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South Africa Appoints Commission to Probe Lonmin Killings

South Africa's President Jacob Zuma
South African President Jacob Zuma. Photographer: Graham Crouch/Bloomberg

South African President Jacob Zuma appointed a judicial commission to probe the killing of 34 Lonmin Plc workers by police as government officials left a memorial service after it was disrupted by chanting unionists.

The commission of inquiry will be led by Ian Farlam, a retired Supreme Court of Appeal judge, Zuma told reporters today in Pretoria, the capital. The group will investigate the conduct of police, labor unions and Lonmin Plc before and during the Aug. 16 violence at the company’s Marikana mine, the deadliest police action since the end of apartheid. Prior to the shooting, 10 died in fighting during an illegal strike that began Aug. 10.

About a fifth of global platinum production capacity was idled in South Africa as workers mourned the deaths. Impala Platinum Holdings Ltd., the second-largest producer, suspended work for a day at its Rustenburg operation to let workers to attend memorial services, it said in a statement. Rustenburg and Lonmin’s Marikana both tap the world’s biggest platinum field, the Bushveld Complex, northwest of Johannesburg.

“The commission shall complete its work within a period of four months and must submit its final report within a month” of finishing its investigation, Zuma said. Bantubonke Tokota and Pingla Hemraj, who are both judges, are the other members, he said.

Machetes, Spears

Today’s memorial was disrupted after Julius Malema, the expelled president of the youth league of the ruling African National Congress, told the crowd that Zuma’s government was responsible for the deaths. Demonstrators wearing Association of Mineworkers and Construction Union T-shirts marched in front of the stage chanting and carrying traditional fighting sticks. Government officials including Nathi Mthethwa, the country’s police minister, then left before proceedings were complete.

“The memorial service started out peacefully until it unfortunately degenerated into a party political platform,” Zuma’s office said in an e-mailed statement. “The event lost its purpose and desecrated the memory of the departed who were supposed to be remembered in dignity.”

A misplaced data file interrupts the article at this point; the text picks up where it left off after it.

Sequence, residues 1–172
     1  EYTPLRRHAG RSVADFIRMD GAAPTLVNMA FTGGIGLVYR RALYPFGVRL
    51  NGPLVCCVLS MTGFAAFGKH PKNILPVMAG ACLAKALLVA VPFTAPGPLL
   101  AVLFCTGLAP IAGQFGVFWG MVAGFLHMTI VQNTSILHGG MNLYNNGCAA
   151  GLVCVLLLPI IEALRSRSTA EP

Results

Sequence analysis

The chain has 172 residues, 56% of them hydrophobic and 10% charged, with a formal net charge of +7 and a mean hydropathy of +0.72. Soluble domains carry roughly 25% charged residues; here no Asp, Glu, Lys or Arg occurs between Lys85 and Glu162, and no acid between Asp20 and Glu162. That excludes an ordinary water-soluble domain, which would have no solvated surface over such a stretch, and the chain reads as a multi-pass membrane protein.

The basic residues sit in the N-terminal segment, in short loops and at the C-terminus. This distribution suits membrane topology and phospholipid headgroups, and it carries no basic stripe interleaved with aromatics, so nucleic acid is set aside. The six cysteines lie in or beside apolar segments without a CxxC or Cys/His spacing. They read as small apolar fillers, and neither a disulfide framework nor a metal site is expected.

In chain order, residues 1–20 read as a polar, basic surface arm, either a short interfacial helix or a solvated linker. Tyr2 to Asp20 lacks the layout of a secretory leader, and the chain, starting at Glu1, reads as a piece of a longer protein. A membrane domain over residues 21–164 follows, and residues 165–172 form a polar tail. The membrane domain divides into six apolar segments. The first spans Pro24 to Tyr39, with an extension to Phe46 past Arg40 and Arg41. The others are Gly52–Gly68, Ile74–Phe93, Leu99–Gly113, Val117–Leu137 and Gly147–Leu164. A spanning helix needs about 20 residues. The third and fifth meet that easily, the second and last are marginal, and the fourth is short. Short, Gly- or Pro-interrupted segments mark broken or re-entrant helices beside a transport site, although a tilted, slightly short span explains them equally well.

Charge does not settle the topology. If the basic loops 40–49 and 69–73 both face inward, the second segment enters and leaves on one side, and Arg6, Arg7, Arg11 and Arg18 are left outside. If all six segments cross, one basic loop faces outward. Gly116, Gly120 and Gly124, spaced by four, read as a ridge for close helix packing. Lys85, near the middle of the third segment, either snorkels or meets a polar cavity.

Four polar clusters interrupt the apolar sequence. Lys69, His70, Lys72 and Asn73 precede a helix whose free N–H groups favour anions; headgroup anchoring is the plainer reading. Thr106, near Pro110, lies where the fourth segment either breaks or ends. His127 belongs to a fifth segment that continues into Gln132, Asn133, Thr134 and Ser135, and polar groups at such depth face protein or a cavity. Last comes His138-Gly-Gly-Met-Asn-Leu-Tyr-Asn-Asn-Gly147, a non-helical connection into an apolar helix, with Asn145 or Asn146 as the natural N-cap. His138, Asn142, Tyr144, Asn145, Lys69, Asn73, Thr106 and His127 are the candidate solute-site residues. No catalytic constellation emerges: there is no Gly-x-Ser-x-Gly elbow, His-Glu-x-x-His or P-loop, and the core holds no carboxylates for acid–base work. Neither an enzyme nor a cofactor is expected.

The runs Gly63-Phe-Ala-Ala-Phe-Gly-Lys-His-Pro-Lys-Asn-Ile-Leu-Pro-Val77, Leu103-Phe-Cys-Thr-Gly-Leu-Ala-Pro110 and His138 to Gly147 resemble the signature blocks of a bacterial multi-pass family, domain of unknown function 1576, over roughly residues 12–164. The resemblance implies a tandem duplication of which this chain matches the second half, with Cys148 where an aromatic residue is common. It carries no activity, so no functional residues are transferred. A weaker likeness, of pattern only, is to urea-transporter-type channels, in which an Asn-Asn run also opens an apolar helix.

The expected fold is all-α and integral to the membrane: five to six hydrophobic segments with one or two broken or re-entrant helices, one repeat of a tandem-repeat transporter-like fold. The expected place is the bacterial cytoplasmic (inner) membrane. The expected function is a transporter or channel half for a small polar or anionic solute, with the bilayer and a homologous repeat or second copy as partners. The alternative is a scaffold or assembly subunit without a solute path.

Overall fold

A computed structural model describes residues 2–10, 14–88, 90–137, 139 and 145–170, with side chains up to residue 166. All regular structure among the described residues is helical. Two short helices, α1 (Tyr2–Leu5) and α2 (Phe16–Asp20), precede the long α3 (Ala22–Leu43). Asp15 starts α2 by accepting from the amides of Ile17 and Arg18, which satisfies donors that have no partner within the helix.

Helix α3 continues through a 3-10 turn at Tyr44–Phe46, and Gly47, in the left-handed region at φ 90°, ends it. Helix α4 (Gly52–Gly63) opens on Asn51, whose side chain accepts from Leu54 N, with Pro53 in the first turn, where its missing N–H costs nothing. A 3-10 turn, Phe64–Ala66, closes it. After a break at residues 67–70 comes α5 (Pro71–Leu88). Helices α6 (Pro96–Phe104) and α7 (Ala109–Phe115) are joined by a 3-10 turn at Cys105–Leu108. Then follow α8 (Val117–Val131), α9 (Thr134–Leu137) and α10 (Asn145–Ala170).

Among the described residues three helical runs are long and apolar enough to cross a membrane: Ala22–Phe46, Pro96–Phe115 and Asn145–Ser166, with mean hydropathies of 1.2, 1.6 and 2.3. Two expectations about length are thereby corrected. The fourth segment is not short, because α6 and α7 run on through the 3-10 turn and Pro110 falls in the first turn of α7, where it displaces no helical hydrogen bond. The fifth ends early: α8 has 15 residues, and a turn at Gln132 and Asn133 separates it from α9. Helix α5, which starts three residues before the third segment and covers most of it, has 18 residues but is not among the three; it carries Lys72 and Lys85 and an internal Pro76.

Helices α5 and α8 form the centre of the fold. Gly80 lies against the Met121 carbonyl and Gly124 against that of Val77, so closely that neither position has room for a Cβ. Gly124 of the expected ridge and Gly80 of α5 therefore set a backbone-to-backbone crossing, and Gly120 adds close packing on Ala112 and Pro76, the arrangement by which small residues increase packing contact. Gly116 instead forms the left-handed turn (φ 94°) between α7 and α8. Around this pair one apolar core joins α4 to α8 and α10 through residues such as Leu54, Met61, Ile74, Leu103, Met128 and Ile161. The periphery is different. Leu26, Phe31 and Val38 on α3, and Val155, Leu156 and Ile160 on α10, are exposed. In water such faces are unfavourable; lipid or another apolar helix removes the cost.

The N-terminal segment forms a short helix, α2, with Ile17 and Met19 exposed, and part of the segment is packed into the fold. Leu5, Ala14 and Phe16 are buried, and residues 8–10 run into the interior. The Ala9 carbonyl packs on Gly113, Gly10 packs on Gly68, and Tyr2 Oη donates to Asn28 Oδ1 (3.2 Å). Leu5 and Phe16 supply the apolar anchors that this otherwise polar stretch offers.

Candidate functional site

Footage broadcast on Johannesburg’s eNCA television channel showed people in the marquee where the memorial took place dancing and waving sticks and chairs.

“It is Jacob Zuma’s government that is responsible for killing our people,” Malema told the mourners. “Our government is becoming a pig that is eating its own children. Our government is failing to intervene in mines because our leaders are involved in mines.”

Shanduka Group Ltd., a company founded by former politician Cyril Ramaphosa, owns a stake in the Lonmin mine.

Crying Families

Zuma declared a week of mourning after police fired on protesting workers armed with machetes, spears and pistols. The police said they were fired upon by some in the crowd.

“It is not acceptable for people to die where talks can be held,” Zuma told more than 1,000 striking miners yesterday, about 250 meters (820 feet) from the outcrop where the killings took place.

About 6,000 people attended the memorial service at Marikana, where groups of crying family members of those killed performed burial rituals in the field where the miners were shot. Strike leaders led the crowd in war songs and vowed to keep to demands for wage increases. More services are being held throughout the country.

“Even you murderers, we welcome you here,” said Zolani Bhodlani, a Lonmin worker representative, referring to police in a speech. “As long as you’re not wearing that uniform.” There was no visible police presence at the ceremony.

The violence highlighted investor concern about law and order in an economy that relies on mining for almost two-thirds of its exports. Producers of platinum in South Africa, which has the world’s largest reserves, have cut spending and idled mines following above-inflation cost increases and lower prices for the metal, used in jewelry and anti-pollution devices.

Higher Pay

The rock-drill operators are demanding that Lonmin increase their pay to 12,500 rand a month ($1,504). The protests turned violent because of rivalry between the emerging Association of Mineworkers and Construction Union and the dominant NUM, according to Lonmin. The operators will earn a basic wage of 5,891.89 rand next month, when an increase comes into effect from a previous agreement, and a total package with medical, housing and other allowances, of 10,512 rand, Johannesburg-based New Age newspaper reported, citing Solidarity labor union.

Strikes Spread

Worker discontent spread to a nearby mine owned by Royal Bafokeng Platinum Ltd, yesterday, with operations interrupted at the company’s North shaft, it said in a statement. Police said employees were demanding higher pay. The miners returned today, the National Union of Mineworkers said in an e-mailed statement.

Anglo American Plc’s platinum unit, the world’s largest producer of the metal, said workers in South Africa made demands directly to the company on Aug. 17.

Lonmin, the world’s third-biggest platinum producer, has the capacity to produce about 750,000 ounces a year, mostly at its Marikana mine. Impala’s Rustenburg mine produced the same amount in its last financial year after production was cut by a strike.

Platinum for immediate delivery has gained as much as 12 percent to $1,561.50 an ounce since the shooting. It was trading at $1,555.25 an ounce at 5:32 p.m. in London. Lonmin shares have fallen 8 percent in that period and closed trade at 640 pence in London today.

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